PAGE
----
Christian Wiman, “Every Riven Thing”

Every Riven Thing

God goes, belonging to every riven thing He’s made
Sing his being simply by being
The thing it is:
Stone and tree and sky,
Man who sees and sings and wonders why

God goes. Belonging, to every riven thing He’s made,
Means a storm of peace.
Think of the atoms inside the stone.
Think of the man who sits alone
Trying to will himself into the stillness where

God goes belonging. To every riven thing He’s made
There is given one shade
Shaped exactly to the thing itself:
Under the tree a darker tree;
Under the man the only man to see

God goes belonging to every riven thing. He’s made
The things that bring Him near,
Made the mind that makes Him go.
A part of what man knows,
Apart from what man knows,

God goes belonging to every riven thing He’s made.

From Christian Wiman, Every Riven Thing: Poems (2011)

Bill Moyers interview with Christian Wiman

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One foray of internet exploration

Normally, I do this kind of thing all the time and don’t think to document it. But to document it this once might be useful as an example of the kind of serendipitous discovery process possible on the internet if you have lots of free time. That’s a big “if.”

It happened yesterday morning. As is my Sunday morning habit, I started out listening to NPR’s On Being with Krista Tippett. Finding that it was a rebroadcast of an interview with Mike Rose that I’d already heard, I began exploring the related links on the NPR web page for the program. I read the selected readings by Mike Rose and checked out some of the related links, one of which led me to a conversation with Adele Diamond on Being Educated in Not-So-Obvious Places. Which made me think about the work I’ve been doing in developing a service learning project for LIS 7963 Older Adults and the Web. There was enough food for thought that I began exploring the work of Adele Diamond, head of the Developmental Cognitive Neuroscience Lab.  (An aside: the visual chaos of this site drove me a little crazy.) I discovered Tools of the Mind through one of Diamond’s publications, and was off exploring various like-minded educational projects, one of them being El Sistema, the celebrated Venezuelan national music education program started by visionary José Antonio Abreu in 1975. Two of its most illustrious “graduates” are Gustavo Dudemal, the music director of the Los Angeles Philharmonic, and Edicson Ruiz, double bassist and youngest (aged 17) member of the Berlin Philharmonic.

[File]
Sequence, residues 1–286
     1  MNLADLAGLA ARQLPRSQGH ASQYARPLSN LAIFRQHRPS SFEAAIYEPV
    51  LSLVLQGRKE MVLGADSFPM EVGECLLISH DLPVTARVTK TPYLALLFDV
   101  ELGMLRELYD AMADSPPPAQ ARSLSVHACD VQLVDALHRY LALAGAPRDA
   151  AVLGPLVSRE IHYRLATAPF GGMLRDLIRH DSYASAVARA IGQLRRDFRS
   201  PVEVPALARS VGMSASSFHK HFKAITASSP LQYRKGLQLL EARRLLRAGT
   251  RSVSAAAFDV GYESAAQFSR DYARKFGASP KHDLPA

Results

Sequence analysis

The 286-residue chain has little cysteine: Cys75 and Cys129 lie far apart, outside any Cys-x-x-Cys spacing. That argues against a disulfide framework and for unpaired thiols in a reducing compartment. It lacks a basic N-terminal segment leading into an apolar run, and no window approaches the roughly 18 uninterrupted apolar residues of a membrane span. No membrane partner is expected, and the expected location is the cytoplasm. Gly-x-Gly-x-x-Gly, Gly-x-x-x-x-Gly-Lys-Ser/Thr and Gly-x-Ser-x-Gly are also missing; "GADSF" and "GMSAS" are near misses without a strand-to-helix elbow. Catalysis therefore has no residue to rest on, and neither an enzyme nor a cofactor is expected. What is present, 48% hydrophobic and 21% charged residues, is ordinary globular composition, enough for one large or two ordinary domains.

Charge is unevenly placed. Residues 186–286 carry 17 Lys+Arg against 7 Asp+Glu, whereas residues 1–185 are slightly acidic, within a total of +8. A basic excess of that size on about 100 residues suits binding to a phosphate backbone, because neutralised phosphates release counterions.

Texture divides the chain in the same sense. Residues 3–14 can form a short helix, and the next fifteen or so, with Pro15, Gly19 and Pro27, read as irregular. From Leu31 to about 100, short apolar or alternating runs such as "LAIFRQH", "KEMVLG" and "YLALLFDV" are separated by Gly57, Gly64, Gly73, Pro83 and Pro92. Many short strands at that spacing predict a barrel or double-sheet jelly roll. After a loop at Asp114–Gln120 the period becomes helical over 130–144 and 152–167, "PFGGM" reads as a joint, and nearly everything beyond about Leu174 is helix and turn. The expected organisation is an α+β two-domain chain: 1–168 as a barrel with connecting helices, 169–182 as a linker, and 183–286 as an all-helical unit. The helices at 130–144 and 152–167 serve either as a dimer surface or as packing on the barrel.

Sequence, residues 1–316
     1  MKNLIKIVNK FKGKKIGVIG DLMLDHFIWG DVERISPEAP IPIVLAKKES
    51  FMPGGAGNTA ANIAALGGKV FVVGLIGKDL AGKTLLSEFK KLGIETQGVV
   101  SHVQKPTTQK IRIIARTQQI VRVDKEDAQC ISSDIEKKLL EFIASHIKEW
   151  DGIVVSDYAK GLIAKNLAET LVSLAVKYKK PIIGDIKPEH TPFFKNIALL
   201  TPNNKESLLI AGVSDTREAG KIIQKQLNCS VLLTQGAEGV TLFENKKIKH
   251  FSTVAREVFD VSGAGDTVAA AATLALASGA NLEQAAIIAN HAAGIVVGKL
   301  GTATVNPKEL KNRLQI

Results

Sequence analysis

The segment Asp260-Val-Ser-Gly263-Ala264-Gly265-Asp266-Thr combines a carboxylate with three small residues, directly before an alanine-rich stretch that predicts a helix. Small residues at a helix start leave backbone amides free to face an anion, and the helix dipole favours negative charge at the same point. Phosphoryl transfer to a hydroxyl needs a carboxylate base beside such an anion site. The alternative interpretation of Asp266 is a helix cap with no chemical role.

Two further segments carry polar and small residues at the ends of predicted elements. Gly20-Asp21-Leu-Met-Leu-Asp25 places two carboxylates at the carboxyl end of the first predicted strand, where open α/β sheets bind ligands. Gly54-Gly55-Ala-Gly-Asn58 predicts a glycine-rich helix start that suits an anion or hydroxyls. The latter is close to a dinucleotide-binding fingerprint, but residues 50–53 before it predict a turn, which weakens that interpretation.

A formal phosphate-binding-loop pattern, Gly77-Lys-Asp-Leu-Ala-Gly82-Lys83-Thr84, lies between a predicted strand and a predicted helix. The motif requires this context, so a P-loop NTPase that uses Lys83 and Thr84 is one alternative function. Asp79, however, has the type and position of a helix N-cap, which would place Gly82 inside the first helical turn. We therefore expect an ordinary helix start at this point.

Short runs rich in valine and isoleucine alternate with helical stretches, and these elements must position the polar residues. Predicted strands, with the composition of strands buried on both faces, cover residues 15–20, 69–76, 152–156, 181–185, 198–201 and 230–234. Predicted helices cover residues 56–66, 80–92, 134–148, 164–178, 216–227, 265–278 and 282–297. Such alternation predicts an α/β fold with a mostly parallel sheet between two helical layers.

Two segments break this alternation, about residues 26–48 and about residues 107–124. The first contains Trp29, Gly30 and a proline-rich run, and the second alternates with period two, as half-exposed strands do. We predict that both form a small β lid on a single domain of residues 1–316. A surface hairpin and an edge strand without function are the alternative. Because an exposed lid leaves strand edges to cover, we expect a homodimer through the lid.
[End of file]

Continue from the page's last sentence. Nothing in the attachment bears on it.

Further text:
I couldn’t help but listen to/watch some of Dudamel’s performances on YouTube. Down (and happily) I went into the rabbit hole of music concerts on YouTube. Where I ended up was interesting and surprising. I began to wonder about the differences in training and culture between Dudamel and someone he greatly reminded me of, Leonard Bernstein. Dudamel came apparently from a poor family in Venezuela and developed his interest in conducting and evident natural talents through growing together with a community of passionate young, impoverished musicians. This led to a spectacular conducting debut at the 2007 BBC Proms.  Bernstein grew his interest in music through a multidisciplinary education at Harvard, which led to connections with the musical and intellectual luminaries of his time. In 1973, when in his mid-50′s, he gave a series of masterful Norton Lectures at Harvard (now available on YouTube and gathered at Open Culture), which reveal how his educational influences stimulated a high intelligence and artistic sensitivity.

 

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Gardening

From Vigen Guroian’s book The Fragrance of God:

“In spring, I cultivate the perennial bed with the magenta petals and sweet citrus fragrance of the rugosa rose in mind. In excitement, I wait also for the green bouquet of the broccoli plant and the calm, clean scent of the cucumber.

“This was not always so. In the beginning, in my first garden in Richmond, Virginia, I farmed for food on the table. But in Charlottesville, Virginia, in Eldersburg and Reisterstown, Maryland, and last, here in Culpeper, the garden has finally reformed my disposition toward it. It has entirely transfigured my vision of life.

“… For the sake of beauty, I gladly leave the ruffled red cabbage to grow long beyond its time for harvest. I let the mustard reach high with bright yellow bouquets. I cultivate carefully the asparagus row not just for the taste of its buttery spears but also for the verdant fern foliage that shoots up after the spring cutting. I let volunteer sunflower, cosmos, and cleome seedlings grow where they choose. And I sneak orange nasturtiums into the hills of sweet-potato vines.

“… Gardening grows from our deep longing for salvation, so that beauty fills our lives.”

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Dear Jon: Be Accessible